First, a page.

Academic journal article Afterimage

Home in the Age of Globalization

Academic journal article Afterimage

Home in the Age of Globalization

Article excerpt





MAY 7-JUNE 19, 2008

Bahrain, like many of the other countries within the Arabian Gulf region, is grappling with tremendous growth and change. For some it offers a wealth of business opportunities, while for others it raises concern because of its rapid development. Nestled in a historic alley in Muharraq, a governorate of Bahrain, lies the Bahraini-French Cultural Centre, which recently hosted Camille Zakharia's solo exhibition "Double Vue," consisting of playful yet contemplative, documentary-style photographs examining notions of identity and globalization in regard to Bahrain. According to Zakharia, the driving force behind this exhibition was that "a culture can be erased without substantial documentation." (1)


Born in Tripoli, Lebanon, Zakharia began photographing at the age of 17 when he began college at the American University of Beirut. During his time in Beirut from 1980 to 1985, the civil war continued to escalate and he sought to photograph the Lebanon he once knew. In 1985, the fled the country and has since lived in the United States, Canada, Greece, Turkey, and Bahrain. The one thing that has remained constant in his life has been his photography. Zakharia states,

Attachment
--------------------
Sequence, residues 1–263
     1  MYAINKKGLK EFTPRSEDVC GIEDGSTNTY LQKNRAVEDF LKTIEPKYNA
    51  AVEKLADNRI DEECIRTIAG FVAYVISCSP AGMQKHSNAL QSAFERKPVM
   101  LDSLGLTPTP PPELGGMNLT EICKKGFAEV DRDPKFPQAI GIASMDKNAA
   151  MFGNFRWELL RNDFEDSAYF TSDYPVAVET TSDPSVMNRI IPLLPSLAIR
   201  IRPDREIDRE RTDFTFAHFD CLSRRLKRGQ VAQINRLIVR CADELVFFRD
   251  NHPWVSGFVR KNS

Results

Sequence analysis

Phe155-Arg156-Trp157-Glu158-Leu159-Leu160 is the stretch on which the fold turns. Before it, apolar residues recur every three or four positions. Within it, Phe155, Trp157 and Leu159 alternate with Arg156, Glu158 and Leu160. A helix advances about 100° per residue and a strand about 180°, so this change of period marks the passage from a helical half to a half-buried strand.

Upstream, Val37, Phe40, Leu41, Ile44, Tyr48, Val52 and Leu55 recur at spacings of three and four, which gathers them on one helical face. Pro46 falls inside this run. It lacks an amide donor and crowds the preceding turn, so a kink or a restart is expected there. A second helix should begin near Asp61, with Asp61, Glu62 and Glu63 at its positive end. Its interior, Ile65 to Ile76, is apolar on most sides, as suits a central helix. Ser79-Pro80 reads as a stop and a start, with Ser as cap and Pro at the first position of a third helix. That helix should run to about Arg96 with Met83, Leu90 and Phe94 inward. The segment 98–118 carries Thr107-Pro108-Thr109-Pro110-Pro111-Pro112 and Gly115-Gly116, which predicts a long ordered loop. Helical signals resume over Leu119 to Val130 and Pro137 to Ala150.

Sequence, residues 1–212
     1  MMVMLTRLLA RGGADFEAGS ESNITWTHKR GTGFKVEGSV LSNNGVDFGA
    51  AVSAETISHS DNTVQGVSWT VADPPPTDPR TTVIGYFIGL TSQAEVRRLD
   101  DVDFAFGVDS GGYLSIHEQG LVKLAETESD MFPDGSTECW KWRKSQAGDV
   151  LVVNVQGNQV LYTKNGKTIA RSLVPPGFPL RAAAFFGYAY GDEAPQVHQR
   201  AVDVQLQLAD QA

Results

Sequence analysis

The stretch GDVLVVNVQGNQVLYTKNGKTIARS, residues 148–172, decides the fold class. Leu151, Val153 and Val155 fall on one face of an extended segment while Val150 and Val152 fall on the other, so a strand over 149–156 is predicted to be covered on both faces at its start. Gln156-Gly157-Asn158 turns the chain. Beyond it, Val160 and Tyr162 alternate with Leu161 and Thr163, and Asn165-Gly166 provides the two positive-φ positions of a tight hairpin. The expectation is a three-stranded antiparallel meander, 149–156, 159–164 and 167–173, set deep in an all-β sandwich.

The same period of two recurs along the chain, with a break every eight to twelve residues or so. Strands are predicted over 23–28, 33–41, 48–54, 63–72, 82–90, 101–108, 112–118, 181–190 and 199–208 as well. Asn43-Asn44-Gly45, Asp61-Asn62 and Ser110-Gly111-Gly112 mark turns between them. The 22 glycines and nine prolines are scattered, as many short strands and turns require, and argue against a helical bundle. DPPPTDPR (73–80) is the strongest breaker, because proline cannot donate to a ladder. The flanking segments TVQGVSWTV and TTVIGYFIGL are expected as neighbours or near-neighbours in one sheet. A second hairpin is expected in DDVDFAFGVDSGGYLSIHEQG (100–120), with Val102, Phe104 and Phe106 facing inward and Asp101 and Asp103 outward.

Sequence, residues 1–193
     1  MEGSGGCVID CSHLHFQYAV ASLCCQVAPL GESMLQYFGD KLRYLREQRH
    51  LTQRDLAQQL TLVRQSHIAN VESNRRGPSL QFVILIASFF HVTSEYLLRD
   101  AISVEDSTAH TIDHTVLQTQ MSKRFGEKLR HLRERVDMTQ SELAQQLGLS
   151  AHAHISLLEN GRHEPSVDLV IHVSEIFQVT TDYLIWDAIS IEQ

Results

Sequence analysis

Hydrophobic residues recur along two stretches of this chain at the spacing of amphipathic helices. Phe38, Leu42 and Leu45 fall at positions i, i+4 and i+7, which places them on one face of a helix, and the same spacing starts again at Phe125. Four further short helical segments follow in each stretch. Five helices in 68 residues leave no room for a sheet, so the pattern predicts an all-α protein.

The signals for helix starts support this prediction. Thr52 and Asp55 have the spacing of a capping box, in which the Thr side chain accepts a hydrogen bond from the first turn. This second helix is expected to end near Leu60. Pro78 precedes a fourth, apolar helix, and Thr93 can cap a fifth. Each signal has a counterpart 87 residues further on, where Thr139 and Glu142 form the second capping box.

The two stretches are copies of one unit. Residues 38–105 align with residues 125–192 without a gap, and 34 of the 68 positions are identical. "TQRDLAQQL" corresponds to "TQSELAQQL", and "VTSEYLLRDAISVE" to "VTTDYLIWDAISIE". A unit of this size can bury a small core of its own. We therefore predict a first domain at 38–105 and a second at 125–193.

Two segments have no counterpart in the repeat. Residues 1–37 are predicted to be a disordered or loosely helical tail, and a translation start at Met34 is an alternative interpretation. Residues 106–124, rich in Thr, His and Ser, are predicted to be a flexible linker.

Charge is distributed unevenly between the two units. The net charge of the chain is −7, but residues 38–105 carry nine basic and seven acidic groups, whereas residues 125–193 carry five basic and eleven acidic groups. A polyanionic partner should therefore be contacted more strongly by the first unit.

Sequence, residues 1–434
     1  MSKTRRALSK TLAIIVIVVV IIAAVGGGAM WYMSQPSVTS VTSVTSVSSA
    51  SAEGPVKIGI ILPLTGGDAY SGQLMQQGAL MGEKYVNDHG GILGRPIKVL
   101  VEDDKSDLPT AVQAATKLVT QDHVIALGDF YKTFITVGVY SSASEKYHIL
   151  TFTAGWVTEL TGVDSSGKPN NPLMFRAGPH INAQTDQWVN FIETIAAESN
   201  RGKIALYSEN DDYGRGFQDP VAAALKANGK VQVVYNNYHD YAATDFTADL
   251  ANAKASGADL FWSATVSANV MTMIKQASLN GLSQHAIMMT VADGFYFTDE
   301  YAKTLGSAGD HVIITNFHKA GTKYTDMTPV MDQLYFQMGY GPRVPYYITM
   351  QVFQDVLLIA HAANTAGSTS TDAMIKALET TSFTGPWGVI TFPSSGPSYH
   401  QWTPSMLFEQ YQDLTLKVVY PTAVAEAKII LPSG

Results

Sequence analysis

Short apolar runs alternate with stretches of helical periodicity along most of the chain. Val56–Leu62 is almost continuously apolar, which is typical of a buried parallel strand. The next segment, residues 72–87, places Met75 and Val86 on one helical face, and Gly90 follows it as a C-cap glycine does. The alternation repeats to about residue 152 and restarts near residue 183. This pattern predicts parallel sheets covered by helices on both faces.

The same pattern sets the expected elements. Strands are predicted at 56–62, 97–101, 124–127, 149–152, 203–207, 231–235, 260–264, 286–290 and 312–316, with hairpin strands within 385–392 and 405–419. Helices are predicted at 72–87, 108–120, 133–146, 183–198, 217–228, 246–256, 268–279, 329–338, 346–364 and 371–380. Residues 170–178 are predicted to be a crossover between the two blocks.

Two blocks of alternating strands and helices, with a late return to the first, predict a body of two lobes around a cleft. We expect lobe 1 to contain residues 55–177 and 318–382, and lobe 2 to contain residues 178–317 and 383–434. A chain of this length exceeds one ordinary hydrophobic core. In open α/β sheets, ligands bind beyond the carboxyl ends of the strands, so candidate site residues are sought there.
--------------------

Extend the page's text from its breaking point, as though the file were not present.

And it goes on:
My fascination with urban landscapes dates back to my earliest photographs taken in Beirut over twenty years ago. Inspired by the effect of the war on Beirut's buildings and their inhabitants and driven by a desire to observe and document structures of every kind, whether they housed families, businesses or rituals, I began a journey that has taken me around the world photographing the cities that at some point or another in my life, I called home. (2)

His photography is not only a reflection of the places that he documents, but the work also embodies himself--longing for the home he once knew--knowing that the world that he lives in is fleeting and that one day, the things one may take for granted may no longer be there.

Keeping this in mind, the setting for Zakharia's exhibition to address his impetus is most appropriate. A former Bahraini traditional home the Bahraini-French Cultural Centre consists of an open courtyard surrounded by a series of modest-sized rooms in which the work resided. The exhibition not only contained thoughtful juxtapositions of photographs but the show's relationship to the space allowed for a series of interesting and mindful associations.

Zakharia had drawn some of the photographs in the show from his archives and recontextualized the images to create this body of work, much like the way historic Arabic ornamentation has been appropriated onto contemporary buildings as the new architecture displaces the visual identity of traditional Bahrain. …

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